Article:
Muslim, Christian, Jewish leaders sign joint letter against HHS mandate
ST. LOUIS — Two dozen religious leaders have joined the president of the Lutheran Church-Missouri Synod in signing an open letter he wrote to oppose the U.S. Department of Health and Human Services' contraceptive mandate and urge it be retracted.
The Rev. Matthew C. Harrison June 21 issued the letter called "Free Exercise of Religion: Putting Beliefs into Practice," which states that "no government should tell religious organizations either what to believe or how to put their beliefs into practice."
The letter, available online at www.lcms.org/president, also objected to the narrowly drawn exemption to the mandate, which requires most religious employers to provide free coverage of contraceptives and sterilization procedures for their workers. It added that this "incursion" by the HHS prevents the free exercise of religion.
"For the well-being of our country, we oppose the application of the contraceptive mandate to religious institutions and plead for its retraction," it added.
Among the Catholic signers of the letter were Cardinal Timothy M. Dolan of New York, president of the U.S. Conference of Catholic Bishops; Baltimore Archbishop William E. Lori, chairman of the bishops' Ad Hoc Committee on Religious Freedom; and Archbishop Robert J. Carlson of St. Louis.
The headquarters of the Lutheran Church-Missouri Synod are based in St. Louis.
The leaders of a number of Catholic communities of women religious were among the signers, along with officials of the Orthodox Church, Evangelical Lutheran Synod, National Association of Evangelicals, Hispanic Evangelical Association, Presbyterian Church in America, General Council of the Assemblies of God, Islamic Society of the Washington area and others.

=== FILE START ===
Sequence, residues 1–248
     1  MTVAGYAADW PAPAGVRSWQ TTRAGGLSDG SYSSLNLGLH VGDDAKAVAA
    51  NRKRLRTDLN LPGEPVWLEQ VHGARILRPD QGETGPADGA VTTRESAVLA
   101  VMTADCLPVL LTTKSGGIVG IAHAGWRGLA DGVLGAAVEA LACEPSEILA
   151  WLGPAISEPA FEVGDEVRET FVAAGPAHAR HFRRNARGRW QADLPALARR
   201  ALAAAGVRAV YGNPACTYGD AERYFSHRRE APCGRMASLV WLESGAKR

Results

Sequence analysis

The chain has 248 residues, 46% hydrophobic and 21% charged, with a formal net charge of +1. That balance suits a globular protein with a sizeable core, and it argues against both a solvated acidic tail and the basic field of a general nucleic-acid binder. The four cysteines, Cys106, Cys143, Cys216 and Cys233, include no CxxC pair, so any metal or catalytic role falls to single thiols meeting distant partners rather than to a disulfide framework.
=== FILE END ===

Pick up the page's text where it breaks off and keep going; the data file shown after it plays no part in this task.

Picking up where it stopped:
"As religious leaders from a variety of perspectives and communities, we are compelled to make known our protest against the incursion" by HHS "into the realm of religious liberty," the letter stated.
"We who oppose the application of this mandate to religious institutions include not only the leaders of religious groups morally opposed to contraception, but also leaders of other religious groups that do not share that particular moral conviction," it said.
"That we share an opposition to the mandate to religious institutions while disagreeing about specific moral teachings is a crucial fact," it continued. "Religious freedom is the principle on which we stand."
Rev. Harrison said in a statement that he drafted the letter "because there are moments in history where one needs to speak and stand" for basic principles. "This is one. Our First Amendment rights are on the line," he added.
The Lutheran Church-Missouri Synod is the second largest U.S. Lutheran body. It has about 2.3 million members.
The release of the letter coincided with the start of the U.S. bishops' "fortnight for freedom" campaign, which ends July 4. The observance is dedicated to prayer, education and public action to help Catholics and the rest of the country understand how the federal contraceptive mandate violates religious liberty.
In the Washington area, the InterFaith Conference of Metropolitan Washington issued a similar statement May 29, saying the HHS mandate might require religiously affiliated institutions to "provide funds for health services that violate their conscience and religious beliefs."
"We are especially concerned in the case of those institutions, such as the Archdiocese of Washington, which are self-insured," the statement said.
Members of the InterFaith Conference of Metropolitan Washington include the Baha'i, Buddhist, Hindu, Muslim, Jain, Jewish, Mormon, Protestant, Roman Catholic, Sikh and Zoroastrian faith communities. The group is involved in interfaith dialogue and cooperative efforts for social and economic justice, which includes "protecting religious freedom."
The organization called on "all interested parties to reach for higher ground in achieving both social goods: that of preserving religious freedom and that of ensuring equal provision of affordable health care."
Father Avelino Gonzalez, ecumenical and interreligious officer for the Archdiocese of Washington, was one of the drafters of the statement.
"It was clear from the start that it was not going to be easy to reach consensus on a statement given the politically charged atmosphere," he said, but "a long process of negotiations" resulted in a statement approved by a majority vote, he said, that addresses religious freedom concerns and the need to provide affordable health care.
The priest, who also is pastor of St. Joseph Parish on Capitol Hill, said that "having the interfaith community weigh in on this difficult and contentious debate is a significant accomplishment."
— Catholic News Service
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